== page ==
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DIY Blackout headlights (Updated technique)
Check the link for pics.

Materials required:

-Flathead screwdriver
-Philips screwdriver
-disposable flathead screwdriver
-10mm socket wrench with 12” extension
-1 can of primer (do not use CHEAP primer!)
-1 can of spray paint (low gloss)
-Masking tape
(please use painters masking tape because it does not leave residue)
-Oven w/flat oven pan and oven mitts/towel
-Crazy glue (optional if you accidentally break the tabs of the reflectors)
-12pce clamping set

Remove front bumper. We will not get into this step as it is quite simple and not covered in this DIY guide.

Step 1:
Upon removing the headlight modules, use your socket wrench and remove the metal bracket that is attached to each module.

Step 2:
Now remove the rubber plugs that cover your bulb openings. There are 2 per module. After that, proceed to remove your bulbs as well.

Step 3:
Place a headlight module onto the cloth-covered oven pan as shown in pic.

Step 4:
Pre-heat the oven to 210 degrees F / bake mode. Insert a headlight module
into the oven as shown in pic. Let it “bake” in the oven for 8 minutes.

Step 5:
After 8 minutes, immediately remove the module and pry it open using your
fingers (you may also use your disposable flat head screwdriver) starting at the pointy end of the module. They should come apart quite easily but WATCH
for the tabs along the top and bottom of the module.
NOTE: the module should be so hot that it is almost untouchable with your bare fingers. If it is only 'warm', it will NOT seperate very easily and is recommended to be stuck back into the oven and re-heated.

Step 6:
Remove the inner housing from the glass lens by unscrewing that screw (as pictured).

Step 7:
Be sure to mask off the areas where the reflectors snap into. 3 areas to be masked are: 1)the turn signals 2)the corner light area and 3)the orange reflector sides.
Remove the side reflectors and mask underneath. Use an exacto knife to cut and shape the masking tape to the outline of the reflector area.
Remove the orange signal lens and wrap it with a thin layer of masking tape. Put the masked reflector lens back into the module and prepare for painting.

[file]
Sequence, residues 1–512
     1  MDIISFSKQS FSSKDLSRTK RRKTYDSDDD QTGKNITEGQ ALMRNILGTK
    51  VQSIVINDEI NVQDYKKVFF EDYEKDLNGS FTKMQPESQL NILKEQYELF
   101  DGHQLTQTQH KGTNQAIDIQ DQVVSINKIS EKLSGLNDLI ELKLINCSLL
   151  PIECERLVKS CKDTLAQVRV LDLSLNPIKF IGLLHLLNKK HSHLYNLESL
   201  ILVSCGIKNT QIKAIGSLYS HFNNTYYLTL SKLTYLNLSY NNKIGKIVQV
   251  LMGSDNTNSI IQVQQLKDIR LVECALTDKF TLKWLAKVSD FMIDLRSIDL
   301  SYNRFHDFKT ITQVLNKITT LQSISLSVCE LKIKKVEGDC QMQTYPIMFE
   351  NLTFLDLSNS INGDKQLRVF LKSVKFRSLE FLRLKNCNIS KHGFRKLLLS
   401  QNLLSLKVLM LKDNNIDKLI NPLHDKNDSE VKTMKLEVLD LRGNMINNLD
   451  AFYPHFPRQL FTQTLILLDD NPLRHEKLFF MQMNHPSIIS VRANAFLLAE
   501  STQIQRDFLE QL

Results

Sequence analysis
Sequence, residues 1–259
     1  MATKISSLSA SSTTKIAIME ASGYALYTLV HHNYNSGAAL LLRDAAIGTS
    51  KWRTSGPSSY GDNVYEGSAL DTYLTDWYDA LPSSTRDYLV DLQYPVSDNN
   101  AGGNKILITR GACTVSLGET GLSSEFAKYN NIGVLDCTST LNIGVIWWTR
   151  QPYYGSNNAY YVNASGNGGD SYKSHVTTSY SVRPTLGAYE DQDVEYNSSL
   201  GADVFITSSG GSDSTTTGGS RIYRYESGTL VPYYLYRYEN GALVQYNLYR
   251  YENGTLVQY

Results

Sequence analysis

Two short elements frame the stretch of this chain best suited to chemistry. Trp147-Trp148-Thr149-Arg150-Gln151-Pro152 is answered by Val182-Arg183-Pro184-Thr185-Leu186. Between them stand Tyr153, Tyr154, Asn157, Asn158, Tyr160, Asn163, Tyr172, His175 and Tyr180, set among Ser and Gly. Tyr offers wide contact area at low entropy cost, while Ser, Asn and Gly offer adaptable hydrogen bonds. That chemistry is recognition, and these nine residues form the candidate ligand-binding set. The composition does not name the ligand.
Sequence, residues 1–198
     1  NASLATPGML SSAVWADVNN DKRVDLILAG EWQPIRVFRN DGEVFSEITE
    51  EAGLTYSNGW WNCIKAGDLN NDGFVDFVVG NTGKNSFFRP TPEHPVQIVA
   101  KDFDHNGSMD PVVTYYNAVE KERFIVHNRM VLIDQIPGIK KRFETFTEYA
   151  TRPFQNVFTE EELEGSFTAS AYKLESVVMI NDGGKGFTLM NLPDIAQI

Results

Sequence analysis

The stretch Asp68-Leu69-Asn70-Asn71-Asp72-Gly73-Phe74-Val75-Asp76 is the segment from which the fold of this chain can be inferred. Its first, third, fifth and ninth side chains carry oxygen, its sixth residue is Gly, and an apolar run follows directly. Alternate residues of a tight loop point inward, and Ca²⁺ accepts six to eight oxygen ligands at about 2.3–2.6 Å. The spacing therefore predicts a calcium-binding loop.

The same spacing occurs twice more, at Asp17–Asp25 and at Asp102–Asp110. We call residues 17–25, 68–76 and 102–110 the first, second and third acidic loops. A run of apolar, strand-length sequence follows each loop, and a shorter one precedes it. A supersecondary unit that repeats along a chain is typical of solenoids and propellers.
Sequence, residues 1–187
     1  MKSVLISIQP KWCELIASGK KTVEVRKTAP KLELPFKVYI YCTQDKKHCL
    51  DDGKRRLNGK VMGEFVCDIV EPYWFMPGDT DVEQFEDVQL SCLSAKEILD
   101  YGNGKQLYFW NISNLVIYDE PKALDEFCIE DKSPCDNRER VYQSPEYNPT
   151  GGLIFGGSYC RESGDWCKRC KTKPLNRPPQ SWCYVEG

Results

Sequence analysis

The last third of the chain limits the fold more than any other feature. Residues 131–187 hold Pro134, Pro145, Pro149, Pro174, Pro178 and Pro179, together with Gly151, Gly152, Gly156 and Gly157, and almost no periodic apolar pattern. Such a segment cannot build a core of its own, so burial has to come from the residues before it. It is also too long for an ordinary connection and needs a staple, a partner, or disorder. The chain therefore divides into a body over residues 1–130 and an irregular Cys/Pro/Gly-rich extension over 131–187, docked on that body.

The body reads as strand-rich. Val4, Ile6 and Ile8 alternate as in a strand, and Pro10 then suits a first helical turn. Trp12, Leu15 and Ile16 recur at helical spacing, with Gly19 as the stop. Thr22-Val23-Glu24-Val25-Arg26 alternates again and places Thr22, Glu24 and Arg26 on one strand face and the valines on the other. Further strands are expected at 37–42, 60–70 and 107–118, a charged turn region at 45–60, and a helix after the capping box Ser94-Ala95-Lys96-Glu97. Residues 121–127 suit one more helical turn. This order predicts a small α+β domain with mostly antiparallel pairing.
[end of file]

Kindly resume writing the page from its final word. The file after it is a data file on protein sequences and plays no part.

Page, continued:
Step 8:
Spray 1 coat of primer on each housing. Be sure to spray from every angle so you don’t miss the hard to reach parts. I used ‘Plastikote super primer’ in black.

Step 9:
Spray 2 coats of your choice of black paint. ‘KRYLON GLOSS BLACK’ was used.

Step 10:
Dry time! You can either let these freshly painted parts sit for at least 24-48hours so to allow dry time OR you can slap them back into the oven after 1 hour and let the oven heat dry them. Place back in oven for 15minutes at 170 degrees F. Be sure to remove your masking tape off the masked areas before inserting back into oven.

Step 11:
After you are 100% sure that the parts are dried, prepare to reinstall them back into the glass housing. Be extra careful with this procedure as you risk scrapeing off paint if the paint is not fully dry.

Step 12:
Preheat the oven to 200 degrees F / BAKE mode. Place the rear halves of the modules into the oven for 10 minutes to heat up the stock sealant. After 10minutes, immediately remove them and then re-attach the back end to the front/glass lens. Be sure to use the tabs on the top/bottom of the module as a ways to line up the 2 halves correctly.
Once they are lined up correctly, apply your clamps!

Step 13:
Remove the clamps after 10 minutes and place entire module back into the oven for 10 minutes at 200 degrees F. After that 10 minutes, re-apply the clamps as shown in above pic and let it cool for 10 minutes. After the stock sealant cools, the modules will have an extra tight seal thanks to the clamps. (see pix)

As you can see, the modules are sealed very tight, tighter than STOCK! And with no messy extra sealant used, you’ve maintained a clean finish to your newly blacked out headlights!


-don't bother with sanding.
-if you're not too good with spray paint, then find a friend who
is and ask him/her to help you out.
-1 complete coat of primer and 2 light coats of paint is good enough.
(do not use cheap primer!)
-and as always...please please please take your time and
be very patient with this project... YOU CAN DO IT!

25,997 Posts
The paint you use should be the Krylon used above, or use Rustoleum paint. I have never had a problem with this paint after 30 sets of headlights.
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